Brisbane City Says Goodbye to Gas-powered Buses, Welcomes Diesel Alternatives

For two decades, Brisbane’s “eco-friendly” natural gas buses have serviced its population. They comprise a third of the city’s mass public transportation fleet, yet a mandate has come into place for their retirement. The initiative comes as a result of a series of considerations including greener, safer, and modern alternatives.

Outdated Technology

While the gas-powered buses are dubbed as eco-friendly, the label that came with it is as old as two decades. Despite gas being an overall better fuel choice, modern diesel-powered vehicles have proven to be greener than the city’s outdated vehicles. The engine of choice is Euro 6 standard and is proven to have lower particulate matter and nitrous oxide emissions.

Stopgap in Preparation for the Future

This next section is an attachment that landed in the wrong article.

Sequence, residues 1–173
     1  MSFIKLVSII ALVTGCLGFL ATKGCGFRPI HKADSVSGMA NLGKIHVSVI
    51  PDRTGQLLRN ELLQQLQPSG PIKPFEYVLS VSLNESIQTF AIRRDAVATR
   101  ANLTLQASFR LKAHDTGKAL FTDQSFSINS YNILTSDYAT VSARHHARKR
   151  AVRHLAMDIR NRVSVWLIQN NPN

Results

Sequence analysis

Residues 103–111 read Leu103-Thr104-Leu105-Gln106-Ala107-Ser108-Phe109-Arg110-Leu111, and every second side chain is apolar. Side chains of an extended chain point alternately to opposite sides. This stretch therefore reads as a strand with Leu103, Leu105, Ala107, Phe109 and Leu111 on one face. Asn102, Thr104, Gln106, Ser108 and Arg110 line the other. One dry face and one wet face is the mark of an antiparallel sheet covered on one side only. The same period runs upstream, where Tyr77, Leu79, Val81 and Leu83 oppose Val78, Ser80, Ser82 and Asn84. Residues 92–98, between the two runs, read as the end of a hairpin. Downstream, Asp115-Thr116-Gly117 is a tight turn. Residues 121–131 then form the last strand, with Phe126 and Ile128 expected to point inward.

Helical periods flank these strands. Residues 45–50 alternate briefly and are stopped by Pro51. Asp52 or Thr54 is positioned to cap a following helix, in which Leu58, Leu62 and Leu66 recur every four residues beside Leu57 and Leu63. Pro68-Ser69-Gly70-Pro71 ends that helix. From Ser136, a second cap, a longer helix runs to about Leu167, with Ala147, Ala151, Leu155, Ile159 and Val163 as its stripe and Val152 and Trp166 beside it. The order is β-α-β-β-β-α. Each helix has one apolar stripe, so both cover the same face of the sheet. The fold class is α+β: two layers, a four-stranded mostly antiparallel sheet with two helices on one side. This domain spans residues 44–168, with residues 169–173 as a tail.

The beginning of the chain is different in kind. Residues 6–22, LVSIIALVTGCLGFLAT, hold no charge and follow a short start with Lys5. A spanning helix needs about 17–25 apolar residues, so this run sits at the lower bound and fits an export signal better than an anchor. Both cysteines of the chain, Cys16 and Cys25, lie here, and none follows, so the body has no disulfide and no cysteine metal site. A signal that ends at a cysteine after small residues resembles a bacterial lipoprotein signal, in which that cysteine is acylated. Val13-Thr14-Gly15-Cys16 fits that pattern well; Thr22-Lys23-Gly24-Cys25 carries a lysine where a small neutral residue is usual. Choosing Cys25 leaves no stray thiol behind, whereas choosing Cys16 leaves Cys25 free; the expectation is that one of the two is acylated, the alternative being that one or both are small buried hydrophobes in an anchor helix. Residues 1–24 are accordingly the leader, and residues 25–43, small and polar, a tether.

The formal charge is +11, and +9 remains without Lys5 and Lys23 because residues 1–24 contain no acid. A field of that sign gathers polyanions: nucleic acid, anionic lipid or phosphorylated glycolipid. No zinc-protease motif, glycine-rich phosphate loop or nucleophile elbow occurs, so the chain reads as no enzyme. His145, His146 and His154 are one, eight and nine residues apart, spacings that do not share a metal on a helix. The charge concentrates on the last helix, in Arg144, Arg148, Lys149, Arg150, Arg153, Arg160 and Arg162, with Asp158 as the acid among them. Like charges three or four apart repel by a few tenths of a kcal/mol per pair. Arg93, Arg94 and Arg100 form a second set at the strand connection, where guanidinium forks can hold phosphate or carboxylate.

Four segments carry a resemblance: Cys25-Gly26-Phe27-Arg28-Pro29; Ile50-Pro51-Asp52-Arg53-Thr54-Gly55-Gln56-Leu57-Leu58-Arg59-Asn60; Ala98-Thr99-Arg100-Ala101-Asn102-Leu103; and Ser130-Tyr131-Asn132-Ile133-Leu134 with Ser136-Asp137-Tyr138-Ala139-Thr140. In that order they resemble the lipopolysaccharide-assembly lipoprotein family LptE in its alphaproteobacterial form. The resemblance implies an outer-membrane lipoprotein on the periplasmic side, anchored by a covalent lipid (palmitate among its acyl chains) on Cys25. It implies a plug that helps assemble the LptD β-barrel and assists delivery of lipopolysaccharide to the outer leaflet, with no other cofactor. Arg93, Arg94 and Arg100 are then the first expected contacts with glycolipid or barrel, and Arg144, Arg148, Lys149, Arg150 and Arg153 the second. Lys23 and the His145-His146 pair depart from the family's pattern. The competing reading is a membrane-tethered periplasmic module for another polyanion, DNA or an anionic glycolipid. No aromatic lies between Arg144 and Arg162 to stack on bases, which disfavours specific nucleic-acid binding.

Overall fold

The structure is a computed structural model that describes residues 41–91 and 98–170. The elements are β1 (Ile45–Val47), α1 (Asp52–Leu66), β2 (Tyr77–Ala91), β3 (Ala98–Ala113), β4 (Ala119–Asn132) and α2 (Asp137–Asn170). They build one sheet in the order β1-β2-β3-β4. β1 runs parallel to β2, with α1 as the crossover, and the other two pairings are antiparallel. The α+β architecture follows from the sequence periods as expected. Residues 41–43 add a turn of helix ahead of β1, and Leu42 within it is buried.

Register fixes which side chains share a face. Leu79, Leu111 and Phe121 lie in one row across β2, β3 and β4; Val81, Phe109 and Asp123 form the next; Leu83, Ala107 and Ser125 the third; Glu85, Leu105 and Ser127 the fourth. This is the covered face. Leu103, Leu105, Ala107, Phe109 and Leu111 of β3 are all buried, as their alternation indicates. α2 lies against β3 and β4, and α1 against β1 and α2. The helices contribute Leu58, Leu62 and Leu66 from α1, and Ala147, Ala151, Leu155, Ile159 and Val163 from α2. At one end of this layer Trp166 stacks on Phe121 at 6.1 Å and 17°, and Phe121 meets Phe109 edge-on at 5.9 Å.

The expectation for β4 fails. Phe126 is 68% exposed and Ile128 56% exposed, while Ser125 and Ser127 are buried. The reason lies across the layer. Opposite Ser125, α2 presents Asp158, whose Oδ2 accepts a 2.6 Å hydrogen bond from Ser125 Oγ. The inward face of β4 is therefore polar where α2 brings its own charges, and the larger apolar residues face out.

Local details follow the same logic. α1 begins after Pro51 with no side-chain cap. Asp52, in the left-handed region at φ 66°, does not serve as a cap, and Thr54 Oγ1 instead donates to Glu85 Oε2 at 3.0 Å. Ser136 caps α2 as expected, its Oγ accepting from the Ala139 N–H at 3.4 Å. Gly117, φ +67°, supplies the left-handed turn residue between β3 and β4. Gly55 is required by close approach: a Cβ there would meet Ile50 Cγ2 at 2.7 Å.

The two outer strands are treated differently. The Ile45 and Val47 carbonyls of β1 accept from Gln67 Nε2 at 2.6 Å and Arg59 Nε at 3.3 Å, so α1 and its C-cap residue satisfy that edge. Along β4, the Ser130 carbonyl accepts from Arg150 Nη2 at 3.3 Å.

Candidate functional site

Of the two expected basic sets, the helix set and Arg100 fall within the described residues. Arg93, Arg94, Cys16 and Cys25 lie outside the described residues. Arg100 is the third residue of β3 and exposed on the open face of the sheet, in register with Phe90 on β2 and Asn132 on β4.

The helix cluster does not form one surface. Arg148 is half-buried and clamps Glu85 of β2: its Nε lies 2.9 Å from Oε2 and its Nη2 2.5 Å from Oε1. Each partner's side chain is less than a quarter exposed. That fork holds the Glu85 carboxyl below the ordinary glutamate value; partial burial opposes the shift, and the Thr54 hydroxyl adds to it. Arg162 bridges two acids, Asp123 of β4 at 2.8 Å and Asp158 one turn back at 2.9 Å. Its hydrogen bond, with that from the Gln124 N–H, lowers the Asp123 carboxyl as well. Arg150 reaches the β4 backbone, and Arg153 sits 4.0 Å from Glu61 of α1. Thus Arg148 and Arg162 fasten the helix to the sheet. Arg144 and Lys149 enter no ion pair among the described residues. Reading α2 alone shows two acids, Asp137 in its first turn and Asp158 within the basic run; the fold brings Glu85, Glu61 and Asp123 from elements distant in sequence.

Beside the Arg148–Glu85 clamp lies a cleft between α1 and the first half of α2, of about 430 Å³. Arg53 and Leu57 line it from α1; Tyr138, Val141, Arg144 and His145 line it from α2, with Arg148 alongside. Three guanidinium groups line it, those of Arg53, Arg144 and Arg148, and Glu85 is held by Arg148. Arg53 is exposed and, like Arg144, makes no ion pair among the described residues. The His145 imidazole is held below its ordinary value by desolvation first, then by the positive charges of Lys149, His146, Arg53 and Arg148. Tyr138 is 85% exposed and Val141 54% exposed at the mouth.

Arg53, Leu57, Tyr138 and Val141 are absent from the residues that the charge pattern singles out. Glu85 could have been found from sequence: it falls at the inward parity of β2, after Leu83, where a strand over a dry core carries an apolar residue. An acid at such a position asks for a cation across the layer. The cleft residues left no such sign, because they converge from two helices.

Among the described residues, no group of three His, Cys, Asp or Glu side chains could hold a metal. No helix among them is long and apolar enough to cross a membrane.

The city opted for greener alternatives such as hydrogen and electric-powered busses. However, there have been concerns regarding its capacity to deal with the climate and population demand. Until they are sure of a better choice, diesel-powered coaches are going to serve the mass public transportation.

Nevertheless, an electric bus is on its way to the city, expected to arrive mid next year. The Brisbane Metro bus is expected to carry 150 passengers, reach 90kms per hour, and fully charge in just 4-6 minutes.

The Plan

Gas buses are slowly being retired one at a time and are expected to be off the roads by 2027. However, as early as 2023, the city council expects to have solid procurement strategies in place for better alternatives, especially for electric and hydrogen-powered vehicles.

The city is not looking to favor one technology over the other. As a matter of fact, they intend to implement mass public transport that is a mix of different technologies.

Carbon-Free Future?

While diesel may not be carbon-free, the initiative is a step towards that direction. It is an effort to be greener while waiting for completely green choices.

Nations such as the United Kingdom and France want diesel banned by 2040 while India wants it by 2030. While Brisbane thinks that these are pretty bold moves, they are not completely neglecting the idea. They want to be more conservative in setting their deadline but with the same end-goal.